Another “Vanouver Sun“ article mentioned that the timing of the Paralympics is all wrong because now the enthusiasm and interest from the Olympics has died down. The article suggested to hold the Paralympics before the Olympics as an „appetizer“ instead of an „after dinner mint“. Do you think this order would have been better for the games?

I heard that as well and it was interesting to me because I thought "How would we have done things differently if that would have happened?" I don''t think we''ll know it until we do it. I liked doing it the way we did it because we are more relaxed for the Paralympics and can embrace these games. Also people had such a good time during the Olympic Games and they wanted to continue. Now they are watching the Paralympics and really get involved with them which is great. It would be interesting to see what would happen if you''d do it in the suggested way but I don''t necessarily say it is right one way or the other.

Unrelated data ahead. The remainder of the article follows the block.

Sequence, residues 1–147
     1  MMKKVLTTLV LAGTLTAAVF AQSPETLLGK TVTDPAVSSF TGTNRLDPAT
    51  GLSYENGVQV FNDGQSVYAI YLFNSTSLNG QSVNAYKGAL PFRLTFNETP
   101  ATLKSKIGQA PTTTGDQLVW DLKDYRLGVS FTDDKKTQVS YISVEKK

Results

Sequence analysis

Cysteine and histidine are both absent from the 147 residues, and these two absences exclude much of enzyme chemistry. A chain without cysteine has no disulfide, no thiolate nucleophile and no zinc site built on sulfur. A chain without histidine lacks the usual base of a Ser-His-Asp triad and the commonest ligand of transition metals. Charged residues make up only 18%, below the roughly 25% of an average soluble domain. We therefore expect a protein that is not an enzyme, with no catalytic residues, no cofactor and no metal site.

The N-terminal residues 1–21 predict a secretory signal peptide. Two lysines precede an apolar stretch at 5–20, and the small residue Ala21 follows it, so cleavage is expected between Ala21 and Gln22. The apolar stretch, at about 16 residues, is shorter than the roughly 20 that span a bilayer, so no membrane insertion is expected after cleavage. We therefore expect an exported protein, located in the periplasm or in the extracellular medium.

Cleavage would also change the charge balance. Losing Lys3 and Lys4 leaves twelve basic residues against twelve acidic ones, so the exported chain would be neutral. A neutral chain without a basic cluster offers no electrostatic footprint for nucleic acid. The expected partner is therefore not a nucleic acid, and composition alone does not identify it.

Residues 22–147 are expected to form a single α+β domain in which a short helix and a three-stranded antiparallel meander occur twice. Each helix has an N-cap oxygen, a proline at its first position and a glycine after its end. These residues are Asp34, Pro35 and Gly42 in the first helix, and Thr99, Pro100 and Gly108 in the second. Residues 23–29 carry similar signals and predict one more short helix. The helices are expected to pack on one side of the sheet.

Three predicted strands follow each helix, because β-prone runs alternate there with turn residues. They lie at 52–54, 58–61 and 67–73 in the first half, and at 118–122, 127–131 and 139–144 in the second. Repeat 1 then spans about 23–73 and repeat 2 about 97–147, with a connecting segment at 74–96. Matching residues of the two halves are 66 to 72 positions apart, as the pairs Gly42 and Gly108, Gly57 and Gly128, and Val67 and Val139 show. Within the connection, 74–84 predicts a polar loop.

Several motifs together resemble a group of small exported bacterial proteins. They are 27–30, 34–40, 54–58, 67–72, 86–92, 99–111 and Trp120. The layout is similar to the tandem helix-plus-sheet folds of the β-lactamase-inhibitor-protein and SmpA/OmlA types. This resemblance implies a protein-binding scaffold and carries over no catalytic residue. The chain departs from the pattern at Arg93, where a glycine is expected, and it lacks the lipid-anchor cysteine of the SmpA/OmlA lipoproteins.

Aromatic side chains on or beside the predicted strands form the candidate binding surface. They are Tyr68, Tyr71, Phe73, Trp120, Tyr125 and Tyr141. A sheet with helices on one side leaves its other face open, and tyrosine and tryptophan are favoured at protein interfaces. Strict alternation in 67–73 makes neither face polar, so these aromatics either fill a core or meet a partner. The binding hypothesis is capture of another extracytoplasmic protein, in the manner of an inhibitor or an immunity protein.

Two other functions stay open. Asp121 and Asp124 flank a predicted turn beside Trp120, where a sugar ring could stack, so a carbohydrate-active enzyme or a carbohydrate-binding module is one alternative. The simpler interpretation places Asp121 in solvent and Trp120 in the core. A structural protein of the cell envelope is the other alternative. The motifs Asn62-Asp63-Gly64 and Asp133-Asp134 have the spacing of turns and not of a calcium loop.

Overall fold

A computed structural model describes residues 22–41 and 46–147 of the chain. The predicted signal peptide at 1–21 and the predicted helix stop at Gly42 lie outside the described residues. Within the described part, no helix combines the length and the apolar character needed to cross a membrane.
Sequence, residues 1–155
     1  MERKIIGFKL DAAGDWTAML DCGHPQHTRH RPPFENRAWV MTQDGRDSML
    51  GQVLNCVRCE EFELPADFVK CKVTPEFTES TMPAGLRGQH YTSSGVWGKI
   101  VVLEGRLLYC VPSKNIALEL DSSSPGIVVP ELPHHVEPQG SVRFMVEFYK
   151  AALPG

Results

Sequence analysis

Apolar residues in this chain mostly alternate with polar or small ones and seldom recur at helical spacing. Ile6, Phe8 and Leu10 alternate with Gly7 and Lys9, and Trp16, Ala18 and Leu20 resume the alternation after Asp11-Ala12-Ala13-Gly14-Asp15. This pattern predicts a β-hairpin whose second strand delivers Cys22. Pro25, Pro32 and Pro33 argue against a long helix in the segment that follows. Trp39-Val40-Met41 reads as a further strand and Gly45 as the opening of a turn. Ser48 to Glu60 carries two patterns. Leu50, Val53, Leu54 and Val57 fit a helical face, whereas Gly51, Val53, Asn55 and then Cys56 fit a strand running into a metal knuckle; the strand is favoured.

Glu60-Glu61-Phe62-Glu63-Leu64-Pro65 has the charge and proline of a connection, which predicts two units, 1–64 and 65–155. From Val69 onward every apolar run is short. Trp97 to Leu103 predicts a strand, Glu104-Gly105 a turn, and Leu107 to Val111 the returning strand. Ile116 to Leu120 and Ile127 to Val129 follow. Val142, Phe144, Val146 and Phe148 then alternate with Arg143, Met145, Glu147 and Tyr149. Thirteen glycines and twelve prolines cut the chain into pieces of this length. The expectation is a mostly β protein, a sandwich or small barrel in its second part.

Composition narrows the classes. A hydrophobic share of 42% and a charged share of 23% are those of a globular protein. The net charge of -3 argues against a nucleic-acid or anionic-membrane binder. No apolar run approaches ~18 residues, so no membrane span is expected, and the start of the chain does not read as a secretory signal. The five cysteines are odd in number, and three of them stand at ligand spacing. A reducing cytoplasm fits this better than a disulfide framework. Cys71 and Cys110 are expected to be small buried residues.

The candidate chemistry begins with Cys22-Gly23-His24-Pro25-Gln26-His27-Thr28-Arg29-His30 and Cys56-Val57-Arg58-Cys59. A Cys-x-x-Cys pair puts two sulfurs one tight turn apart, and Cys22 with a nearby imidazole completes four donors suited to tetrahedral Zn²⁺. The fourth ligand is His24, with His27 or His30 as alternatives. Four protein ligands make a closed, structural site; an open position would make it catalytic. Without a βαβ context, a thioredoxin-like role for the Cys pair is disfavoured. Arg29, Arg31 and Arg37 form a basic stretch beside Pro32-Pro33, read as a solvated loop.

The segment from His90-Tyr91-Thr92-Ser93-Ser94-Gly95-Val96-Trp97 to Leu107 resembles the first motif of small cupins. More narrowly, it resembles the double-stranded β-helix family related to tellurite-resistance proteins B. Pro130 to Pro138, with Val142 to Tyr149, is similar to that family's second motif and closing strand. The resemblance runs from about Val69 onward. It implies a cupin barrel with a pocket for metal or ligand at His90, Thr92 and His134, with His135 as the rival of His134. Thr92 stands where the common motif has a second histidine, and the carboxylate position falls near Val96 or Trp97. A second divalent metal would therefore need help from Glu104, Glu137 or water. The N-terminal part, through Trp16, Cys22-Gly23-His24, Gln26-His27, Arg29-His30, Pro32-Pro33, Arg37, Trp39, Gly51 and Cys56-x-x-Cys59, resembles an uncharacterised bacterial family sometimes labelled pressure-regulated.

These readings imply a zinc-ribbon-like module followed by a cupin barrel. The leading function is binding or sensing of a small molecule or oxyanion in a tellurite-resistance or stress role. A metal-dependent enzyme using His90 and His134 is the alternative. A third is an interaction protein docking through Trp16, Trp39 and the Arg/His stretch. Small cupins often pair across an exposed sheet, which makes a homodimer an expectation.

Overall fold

What went behind choosing to have the events take place in both Vancouver and Whistler?

In Whistler we didn''t have the capacity such as the ice rinks. It was a matter of the facilities and of spreading the crowd out. Also it gave other communities such as Richmond the chance to get involved during the Games. I like the fact that the majority of the events for the Paralympics are up at Whistler, I think it is great for the town. And Vancouver is able to experience the sledge-hockey and the wheelchair curling which are fabulous events as well.

What are your thoughts on the Paralympic doping scandals?